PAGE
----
Thursday, 26 May 2011

When TV was naff! Remembering Eldorado (1992)

Eldorado was a British Soap Opera that ran for only one year, from 6 July 1992 to 9 July 1993. Set in Coin on the Costa Del Sol and based around the lives of British and European expats, the BBC hoped it would be as successful as EastEnders and replicate some of the sunshine and glamour of imported Australian soaps such as Home and Away and Neighbours. It was made as a co-production between the BBC and independent production company Cinema Verity, and aired three times a week in a high-profile evening slot on the mainstream channel BBC1, filling the BBC1 slot vacated by Terry Wogan's chat show Wogan, on Mondays, Wednesdays and Fridays at 7.00pm.

In spite of a high-profile advertising campaign on television, radio and in the press preceding the launch ('Are you ready for Eldorado?', read by actor Campbell Morrison), the programme was not initially a popular hit with viewers and critics. Ratings improved with a radical overhaul, but it was eventually cancelled by the new controller of BBC1, Alan Yentob.

Although the show contained many professional actors (such as Patricia Brake and Jesse Birdsall), many of the cast were inexperienced actors whose limitations were clearly exposed on such a new and ambitious project: prior to filming, some of the cast did not even know what a read-through was; the acting was derided as amateurish, while the attempt to appear more 'European' by having people speaking other languages without subtitles or bizarre/unconvincing accents was met by viewers with incomprehension and ridicule.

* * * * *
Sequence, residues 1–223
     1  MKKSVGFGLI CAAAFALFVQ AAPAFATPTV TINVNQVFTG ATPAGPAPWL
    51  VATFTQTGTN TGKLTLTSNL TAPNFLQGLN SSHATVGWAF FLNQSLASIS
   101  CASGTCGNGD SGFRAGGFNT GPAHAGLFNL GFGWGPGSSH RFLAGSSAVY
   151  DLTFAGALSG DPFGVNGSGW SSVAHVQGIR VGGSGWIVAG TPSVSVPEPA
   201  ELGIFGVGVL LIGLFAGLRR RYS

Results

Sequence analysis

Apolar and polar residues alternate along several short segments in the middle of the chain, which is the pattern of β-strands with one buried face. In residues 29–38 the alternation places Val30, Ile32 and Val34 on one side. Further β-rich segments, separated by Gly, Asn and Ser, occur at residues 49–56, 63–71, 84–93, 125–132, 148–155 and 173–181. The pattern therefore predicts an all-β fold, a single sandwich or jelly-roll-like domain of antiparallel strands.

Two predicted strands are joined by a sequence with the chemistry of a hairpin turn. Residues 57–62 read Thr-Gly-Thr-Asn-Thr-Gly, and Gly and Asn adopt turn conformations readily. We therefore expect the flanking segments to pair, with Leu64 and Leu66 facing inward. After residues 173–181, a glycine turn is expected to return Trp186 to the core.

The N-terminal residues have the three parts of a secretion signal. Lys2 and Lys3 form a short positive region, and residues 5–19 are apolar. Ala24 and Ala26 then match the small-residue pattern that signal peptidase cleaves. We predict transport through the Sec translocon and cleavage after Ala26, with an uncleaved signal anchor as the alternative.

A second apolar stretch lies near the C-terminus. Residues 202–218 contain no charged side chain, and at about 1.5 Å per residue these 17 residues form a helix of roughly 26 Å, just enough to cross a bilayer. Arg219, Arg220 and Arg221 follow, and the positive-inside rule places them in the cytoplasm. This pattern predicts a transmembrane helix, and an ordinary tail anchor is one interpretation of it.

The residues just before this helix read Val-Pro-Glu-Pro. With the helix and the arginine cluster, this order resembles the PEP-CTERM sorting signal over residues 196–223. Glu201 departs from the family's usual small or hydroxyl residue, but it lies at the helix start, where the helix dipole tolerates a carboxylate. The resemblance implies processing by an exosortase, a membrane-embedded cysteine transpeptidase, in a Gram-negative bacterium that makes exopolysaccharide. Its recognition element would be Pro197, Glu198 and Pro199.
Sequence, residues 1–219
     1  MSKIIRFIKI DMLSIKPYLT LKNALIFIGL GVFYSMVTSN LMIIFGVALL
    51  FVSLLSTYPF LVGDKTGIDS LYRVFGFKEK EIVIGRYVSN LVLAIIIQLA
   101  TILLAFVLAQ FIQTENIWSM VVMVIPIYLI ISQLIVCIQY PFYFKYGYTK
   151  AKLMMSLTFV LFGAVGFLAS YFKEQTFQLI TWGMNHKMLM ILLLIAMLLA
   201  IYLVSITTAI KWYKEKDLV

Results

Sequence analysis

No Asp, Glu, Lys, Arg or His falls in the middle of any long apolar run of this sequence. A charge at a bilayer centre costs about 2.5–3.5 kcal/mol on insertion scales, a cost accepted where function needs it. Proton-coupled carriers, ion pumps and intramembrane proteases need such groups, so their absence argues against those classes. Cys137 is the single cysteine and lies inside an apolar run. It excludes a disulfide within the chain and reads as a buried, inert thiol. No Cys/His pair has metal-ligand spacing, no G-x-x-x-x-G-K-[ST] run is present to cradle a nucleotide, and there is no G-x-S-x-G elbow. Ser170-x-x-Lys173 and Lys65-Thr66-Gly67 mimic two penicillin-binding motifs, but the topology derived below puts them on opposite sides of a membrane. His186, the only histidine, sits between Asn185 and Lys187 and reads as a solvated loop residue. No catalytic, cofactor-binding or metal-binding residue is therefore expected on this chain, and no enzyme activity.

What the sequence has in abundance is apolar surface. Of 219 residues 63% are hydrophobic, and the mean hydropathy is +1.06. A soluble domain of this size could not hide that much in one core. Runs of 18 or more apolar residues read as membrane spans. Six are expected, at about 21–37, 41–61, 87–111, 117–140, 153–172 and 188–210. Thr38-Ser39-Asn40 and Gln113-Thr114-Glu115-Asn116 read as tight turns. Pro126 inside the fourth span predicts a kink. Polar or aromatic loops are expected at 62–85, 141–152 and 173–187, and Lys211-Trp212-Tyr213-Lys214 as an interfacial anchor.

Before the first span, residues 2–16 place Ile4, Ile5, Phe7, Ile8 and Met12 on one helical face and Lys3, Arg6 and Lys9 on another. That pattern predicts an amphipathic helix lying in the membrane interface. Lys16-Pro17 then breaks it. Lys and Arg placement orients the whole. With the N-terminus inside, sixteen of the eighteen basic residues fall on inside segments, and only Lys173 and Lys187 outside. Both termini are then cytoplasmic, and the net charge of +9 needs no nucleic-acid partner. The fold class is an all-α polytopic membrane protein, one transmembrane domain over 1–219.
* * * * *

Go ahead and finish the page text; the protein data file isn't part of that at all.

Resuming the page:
As a result of filming in bare-walled villas rather than a studio, there were many sound and acoustic problems such as echoing. Possibly in a bid to court media attention, the show opened with the controversial story of middle-aged man, Bunny (played by Roger Walker) returning from the UK with a 17-year-old bride, Fizz (Kathy Pitkin); many viewers felt this storyline was implausible and seedy. On top of this, ITV decided to air a special one-hour edition of Coronation Street against Eldorado on the show's debut evening, to "strangle it at birth" as network executives put it.

Eldorado was conceived by EastEnders creators Julia Smith and Tony Holland, and was executive produced by Verity Lambert, who had made her reputation as an in-house producer for the BBC, and had previously launched the BBC's successful Science Fiction television series Doctor Who. As a result, the costly production - although not exorbitant by contemporary television standards - was used by critics of the television licence to argue that the corporation was feathering the nest of former employees. Due to the stresses of internal feuding, producer Julia Smith had a nervous breakdown and left the soap opera, to be replaced by Corinne Hollingworth, who had previously worked on EastEnders and brought about many changes to Eldorado by hiring new scriptwriters, creating extra rehearsal time, and removing many of the inexperienced and poor actors who had attracted criticism.

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